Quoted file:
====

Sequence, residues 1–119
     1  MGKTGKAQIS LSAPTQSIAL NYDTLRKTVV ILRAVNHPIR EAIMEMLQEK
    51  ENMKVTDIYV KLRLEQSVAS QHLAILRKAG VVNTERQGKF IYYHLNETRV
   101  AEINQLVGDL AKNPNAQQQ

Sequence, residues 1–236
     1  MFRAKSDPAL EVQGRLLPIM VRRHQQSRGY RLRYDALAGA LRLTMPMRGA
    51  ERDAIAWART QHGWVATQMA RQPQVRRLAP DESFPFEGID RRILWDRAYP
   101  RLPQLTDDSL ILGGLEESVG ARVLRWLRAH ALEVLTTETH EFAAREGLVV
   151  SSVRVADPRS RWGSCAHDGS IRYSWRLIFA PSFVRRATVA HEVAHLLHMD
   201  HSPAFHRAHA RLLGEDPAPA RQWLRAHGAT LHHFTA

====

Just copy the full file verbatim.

Sequence, residues 1–119
     1  MGKTGKAQIS LSAPTQSIAL NYDTLRKTVV ILRAVNHPIR EAIMEMLQEK
    51  ENMKVTDIYV KLRLEQSVAS QHLAILRKAG VVNTERQGKF IYYHLNETRV
   101  AEINQLVGDL AKNPNAQQQ

Sequence, residues 1–236
     1  MFRAKSDPAL EVQGRLLPIM VRRHQQSRGY RLRYDALAGA LRLTMPMRGA
    51  ERDAIAWART QHGWVATQMA RQPQVRRLAP DESFPFEGID RRILWDRAYP
   101  RLPQLTDDSL ILGGLEESVG ARVLRWLRAH ALEVLTTETH EFAAREGLVV
   151  SSVRVADPRS RWGSCAHDGS IRYSWRLIFA PSFVRRATVA HEVAHLLHMD
   201  HSPAFHRAHA RLLGEDPAPA RQWLRAHGAT LHHFTA